If you could somehow unroll the DNA from a single one of our cells, the tiny thread would stretch about two meters. Our cells do just the opposite, spooling their DNA astonishingly tightly around proteins, into packages known as nucleosomes. These packages, which together make up our chromatin, need to dynamically open and close at the right times so that cells can express the correct genes and produce the correct proteins.

Opening the chromatin is a job for a group of large molecular structures called chromatin remodeling complexes, and mutations in these complexes are extensively linked to disease.

In fact, one family of chromatin remodeling complexes, called BAF (also called mammalian SWI/SNF, or mSWI/SNF) complexes, is mutated in about one-fifth of all cancers, says Cigall Kadoch, PhD, a Dana-Farber assistant professor of pediatric oncology. Mutations in certain BAF complex components also drive intellectual disability and other neurodevelopmental disorders, such as Coffin-Siris syndrome.

Kadoch’s lab explores the ways in which disease-associated genetic alterations in these complexes affect their ability to function properly. The lab’s latest results, published November 20 in Cell, drill down into the details on how the opening mechanisms fail in Coffin-Siris syndrome and many cancers due to a mutation in one specific region of the complex. This work not only uncovers the disease mechanism but also sheds new structural and biochemical light on how these complexes work in normal settings, offering clues toward new strategies for therapeutic modulation.

“BAF chromatin remodeling complexes sit on the nucleosome like clamps, and they essentially regulate how open or closed DNA is,” Kadoch says. “Wherever these complexes go, genes, in general, turn on. It’s therefore really important to have the complexes sitting at the right spots throughout your two meters of DNA. Because activation of the wrong genes at the wrong times, can result in devastating consequences, including cancer and developmental disorders.”

If a cell that otherwise is on the road to becoming, say, a mature muscle cell gets such a mutation, it likely won’t mature or function normally, because it can’t turn on the appropriate genes, she says. Cells stuck in earlier developmental states rather than becoming fully differentiated typically “get stuck” in a more rapidly multiplying state — a process that can produce certain cancers.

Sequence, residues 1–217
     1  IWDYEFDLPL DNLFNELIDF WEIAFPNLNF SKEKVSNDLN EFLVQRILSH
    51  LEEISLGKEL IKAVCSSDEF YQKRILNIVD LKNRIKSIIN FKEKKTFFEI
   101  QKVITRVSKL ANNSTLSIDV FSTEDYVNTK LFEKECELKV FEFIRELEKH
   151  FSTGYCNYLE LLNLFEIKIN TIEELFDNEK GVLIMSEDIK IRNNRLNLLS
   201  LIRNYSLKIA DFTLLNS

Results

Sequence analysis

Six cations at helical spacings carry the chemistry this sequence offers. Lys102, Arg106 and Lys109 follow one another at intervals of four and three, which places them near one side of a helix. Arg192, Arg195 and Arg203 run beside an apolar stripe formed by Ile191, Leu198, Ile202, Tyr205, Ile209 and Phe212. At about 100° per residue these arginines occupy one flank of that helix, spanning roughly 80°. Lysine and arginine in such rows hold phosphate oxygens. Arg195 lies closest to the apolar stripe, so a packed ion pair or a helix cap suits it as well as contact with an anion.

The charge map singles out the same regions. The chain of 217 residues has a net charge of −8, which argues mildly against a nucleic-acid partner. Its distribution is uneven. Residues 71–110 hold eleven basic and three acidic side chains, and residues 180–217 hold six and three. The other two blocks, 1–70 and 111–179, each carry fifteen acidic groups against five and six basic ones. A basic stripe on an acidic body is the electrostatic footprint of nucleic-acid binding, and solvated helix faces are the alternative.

Kadoch, lead author Alfredo Valencia, and their colleagues brought a combination of biochemistry, structural biology and genomics experiments to probe deeper into the roles of BAF complexes.

“This research is an example of how integrating those efforts, which is the name of the game in our lab, can really pay off for understanding fundamental biologic and disease mechanisms,” she says.

Working with cancer cells, the Dana-Farber researchers went deep into the structure of the subunit of BAF complexes that goes awry in Coffin-Siris syndrome, identifying a region conserved back to yeast that mediates a critical contact point between BAF and nucleosomes. Next, they discovered that the complexes with alterations in this region would target to the right spots on DNA but wouldn’t be able to open chromatin properly once they got there, and hence failed to activate the right genes.

The scientists also wanted to investigate how such mutations in the BAF complexes could produce the Coffin-Siris intellectual disability syndrome. Here they created what are called “induced pluripotent stem cells” to make human stem cells with a mutation similar to those in people with the syndrome. When the researchers started modifying these stem cells along the developmental path that leads toward neurons, they found that many of the necessary genes indeed weren’t turned on fully.

“This defect is just subtle enough that these individuals still develop to term, but with major abnormalities across several organ systems,” Kadoch says.

Addressing this genetic defect in individuals with Coffin-Siris syndrome might require generating some kind of “molecular glue” for the BAF complex to fix its broken interaction, quite a difficult scientific challenge today, she notes.

However, in the case of several cancers known to be dependent on BAF complex activities, these findings may indicate a new route to on-target therapeutic inhibition, a running goal for the academic and pharmaceutical communities at large.

“Intriguingly, right after we did this project, a clinician here at Dana-Farber approached me with a case of a patient with a very aggressive carcinoma, whose only notable mutation was exactly in this region of the BAF complex,” Kadoch says. “So there’s immediate relevance for how we understand the mechanism of such cancers. And a better understanding might ultimately allow us to properly stratify patients and identify the best therapeutic approaches for them given the precise mechanisms governing their cancers.”

This article was originally published on December 3, 2019, by Dana-Farber Cancer Institute. It is republished with permission.